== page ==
Gupta: The main theme that we hear from our customers is that there is confusion. Companies have had to deal with many requirements in the past, some of which conflict each other. I think lack of a thorough understanding of food safety within an organization is a key limiting factor to truly determine what is needed at each organization to meet FSMA guidelines.

Jason Ulrich: Companies are concerned about FSMA. Most are concerned with FSMA as a whole. Many have taken steps to educate themselves, but the law is vague, especially for companies that are in multiple areas of food manufacturing.

Part two of the discussion will explore supplier documentation and automation.

Sanitary Transportation of Human and AnimalFood

Ready, Set, Train! Sanitary Transport Rule Is Here

By Holly Mockus
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Sanitary Transportation of Human and AnimalFood

The Sanitary Transportation of Human and Animal Food rule goes into effect June 6, 2016. Large businesses must comply by April 6, 2017; small businesses must comply by April 6, 2018. The rule governs the protection of food during transport, including the sanitation of transport vehicles and equipment, refrigeration of food for safety, and proper cleaning of bulk transport vehicles between loads. So you’ll need a game plan…but what should your game plan include?

  1. Read the rule—every word of it—to understand the reasoning behind the decisions made in crafting it and to get a glimpse into how it will be regulated and enforced.
  2. Review all of your processes, protocols, procedures, and contracts to ensure compliance with the rule, and outline responsibility for how you’ll manage the safe transportation of food.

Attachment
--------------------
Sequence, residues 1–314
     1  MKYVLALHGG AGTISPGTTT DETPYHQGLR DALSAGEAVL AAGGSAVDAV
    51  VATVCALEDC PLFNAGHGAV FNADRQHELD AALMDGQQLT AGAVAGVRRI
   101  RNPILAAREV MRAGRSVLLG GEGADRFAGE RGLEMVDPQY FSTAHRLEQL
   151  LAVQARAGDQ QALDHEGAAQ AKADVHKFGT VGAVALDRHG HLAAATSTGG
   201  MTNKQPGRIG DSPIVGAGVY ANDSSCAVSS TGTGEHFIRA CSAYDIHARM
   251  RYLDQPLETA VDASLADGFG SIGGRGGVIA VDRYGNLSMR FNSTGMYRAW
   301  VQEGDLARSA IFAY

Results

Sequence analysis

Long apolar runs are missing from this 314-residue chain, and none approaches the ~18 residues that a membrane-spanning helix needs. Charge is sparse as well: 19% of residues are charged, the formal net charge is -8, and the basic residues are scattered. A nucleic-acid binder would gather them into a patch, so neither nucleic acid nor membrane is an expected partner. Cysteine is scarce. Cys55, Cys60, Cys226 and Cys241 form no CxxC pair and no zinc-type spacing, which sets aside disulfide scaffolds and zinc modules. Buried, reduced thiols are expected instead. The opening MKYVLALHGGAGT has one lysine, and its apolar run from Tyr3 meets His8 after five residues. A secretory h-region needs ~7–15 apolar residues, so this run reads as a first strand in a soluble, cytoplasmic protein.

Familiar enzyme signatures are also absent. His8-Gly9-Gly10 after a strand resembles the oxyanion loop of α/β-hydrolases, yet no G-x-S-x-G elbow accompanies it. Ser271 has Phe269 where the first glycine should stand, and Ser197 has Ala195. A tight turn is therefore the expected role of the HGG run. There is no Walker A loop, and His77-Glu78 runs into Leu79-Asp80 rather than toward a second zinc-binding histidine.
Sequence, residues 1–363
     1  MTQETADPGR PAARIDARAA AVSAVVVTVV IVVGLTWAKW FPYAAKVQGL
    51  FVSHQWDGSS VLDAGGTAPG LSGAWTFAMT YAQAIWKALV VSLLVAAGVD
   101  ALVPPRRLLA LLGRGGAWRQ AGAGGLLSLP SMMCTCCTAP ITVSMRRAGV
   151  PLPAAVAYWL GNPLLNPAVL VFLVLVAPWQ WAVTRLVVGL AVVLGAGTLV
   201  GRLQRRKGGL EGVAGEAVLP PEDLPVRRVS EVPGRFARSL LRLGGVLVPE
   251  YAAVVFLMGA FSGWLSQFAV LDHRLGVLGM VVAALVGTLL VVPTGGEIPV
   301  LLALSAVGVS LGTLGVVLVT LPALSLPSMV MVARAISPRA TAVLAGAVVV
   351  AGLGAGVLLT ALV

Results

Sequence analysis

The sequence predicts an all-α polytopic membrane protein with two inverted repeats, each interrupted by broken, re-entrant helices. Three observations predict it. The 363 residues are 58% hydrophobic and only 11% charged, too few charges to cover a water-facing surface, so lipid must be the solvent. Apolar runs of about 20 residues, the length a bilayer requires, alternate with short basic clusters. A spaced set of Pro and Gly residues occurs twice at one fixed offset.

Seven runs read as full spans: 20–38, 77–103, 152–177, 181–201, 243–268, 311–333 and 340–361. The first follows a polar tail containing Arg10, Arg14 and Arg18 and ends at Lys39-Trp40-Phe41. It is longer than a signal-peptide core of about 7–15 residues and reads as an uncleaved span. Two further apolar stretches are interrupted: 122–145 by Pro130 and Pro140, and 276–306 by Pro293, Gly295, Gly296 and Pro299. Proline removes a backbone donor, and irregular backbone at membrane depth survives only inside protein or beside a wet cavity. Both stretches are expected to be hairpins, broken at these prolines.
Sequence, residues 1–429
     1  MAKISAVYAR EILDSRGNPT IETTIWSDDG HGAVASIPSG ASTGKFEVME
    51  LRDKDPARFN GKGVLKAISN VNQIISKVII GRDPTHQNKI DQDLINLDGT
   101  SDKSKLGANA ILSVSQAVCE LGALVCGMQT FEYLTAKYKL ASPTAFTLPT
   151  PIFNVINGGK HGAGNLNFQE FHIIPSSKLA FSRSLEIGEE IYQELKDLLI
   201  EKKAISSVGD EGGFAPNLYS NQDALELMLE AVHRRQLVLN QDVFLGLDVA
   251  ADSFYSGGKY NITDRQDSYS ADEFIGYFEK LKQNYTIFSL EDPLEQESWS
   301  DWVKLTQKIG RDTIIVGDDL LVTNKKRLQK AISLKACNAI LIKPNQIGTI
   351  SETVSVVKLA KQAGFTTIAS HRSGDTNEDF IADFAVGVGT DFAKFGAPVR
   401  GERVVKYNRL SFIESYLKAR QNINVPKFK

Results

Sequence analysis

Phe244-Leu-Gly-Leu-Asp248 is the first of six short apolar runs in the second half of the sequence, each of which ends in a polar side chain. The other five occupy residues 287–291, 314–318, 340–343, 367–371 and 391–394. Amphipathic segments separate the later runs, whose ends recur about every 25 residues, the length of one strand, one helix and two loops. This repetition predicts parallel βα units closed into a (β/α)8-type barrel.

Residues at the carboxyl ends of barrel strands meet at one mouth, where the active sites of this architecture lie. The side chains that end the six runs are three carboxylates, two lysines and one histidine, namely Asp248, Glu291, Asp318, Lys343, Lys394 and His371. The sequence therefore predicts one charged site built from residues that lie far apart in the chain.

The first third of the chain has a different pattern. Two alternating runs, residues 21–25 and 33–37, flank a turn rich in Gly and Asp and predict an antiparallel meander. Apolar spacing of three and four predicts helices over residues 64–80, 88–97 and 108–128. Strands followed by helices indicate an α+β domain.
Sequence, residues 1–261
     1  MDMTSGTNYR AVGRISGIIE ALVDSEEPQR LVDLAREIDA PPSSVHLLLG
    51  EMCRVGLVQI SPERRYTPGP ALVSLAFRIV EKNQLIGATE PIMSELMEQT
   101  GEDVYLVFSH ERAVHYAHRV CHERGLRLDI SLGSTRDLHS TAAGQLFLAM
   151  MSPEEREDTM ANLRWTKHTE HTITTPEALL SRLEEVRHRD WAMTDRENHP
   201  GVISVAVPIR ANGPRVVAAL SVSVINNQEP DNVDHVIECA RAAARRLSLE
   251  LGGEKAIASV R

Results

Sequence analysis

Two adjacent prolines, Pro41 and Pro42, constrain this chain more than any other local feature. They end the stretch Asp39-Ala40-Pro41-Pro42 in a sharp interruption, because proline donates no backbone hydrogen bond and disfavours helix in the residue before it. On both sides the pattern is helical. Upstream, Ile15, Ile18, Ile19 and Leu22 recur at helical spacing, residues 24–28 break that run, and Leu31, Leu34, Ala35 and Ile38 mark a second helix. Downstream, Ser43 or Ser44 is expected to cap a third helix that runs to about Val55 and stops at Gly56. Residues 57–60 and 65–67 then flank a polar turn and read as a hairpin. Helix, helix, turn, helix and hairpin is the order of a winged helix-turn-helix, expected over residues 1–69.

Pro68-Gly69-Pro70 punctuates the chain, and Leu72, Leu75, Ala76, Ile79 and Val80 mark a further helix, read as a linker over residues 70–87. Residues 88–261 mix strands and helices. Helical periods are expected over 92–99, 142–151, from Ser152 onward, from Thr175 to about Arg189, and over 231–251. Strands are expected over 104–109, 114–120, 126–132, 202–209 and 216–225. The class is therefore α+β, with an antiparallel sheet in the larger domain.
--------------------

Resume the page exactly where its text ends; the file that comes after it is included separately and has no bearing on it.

3. Close any gaps in your current programs to ensure you’ll meet the regulations well in advance of the compliance date.
  4. Kick the tires by conducting mock inspections. Find non-compliances and give yourself time to correct them, rather than wait for bad news during a real inspection.
  5. Confirm the accuracy of all your documentation on a regular basis. Documentation can be the difference between success and failure when it comes to proving that you’re doing the right things.
  6. Get all stakeholders on board to empower employees at all levels and drive culture change.
Sanitary Transportation of Human and AnimalFood
Establish a driver training program to ensure compliance with the Sanitary Transport rule. Image courtesy of Alchemy Systems (Click to enlarge)

Use Driver Training to Prepare

Drivers are the conductors of the food supply chain. They literally have loads of responsibilities, including maintaining the cold chain, meeting delivery requirements, practicing safe driving always, and meeting all Department of Transportation regulations and requirements. Whether transporting raw materials, packaging, work-in-progress, or finished goods, drivers are the people that keep food safe in transit. So how can you take advantage of your driver training program to ensure compliance with the Sanitary Transport rule?

  • A blended learning strategy, combining online and instructor-led training, has been shown to provide the best food safety training outcomes.
  • Use online lessons to introduce and reinforce knowledge of new FSMA regulations and food safety awareness topics. Digital lessons are economical, learner-paced, provide consistent messaging, and are accessible 24/7.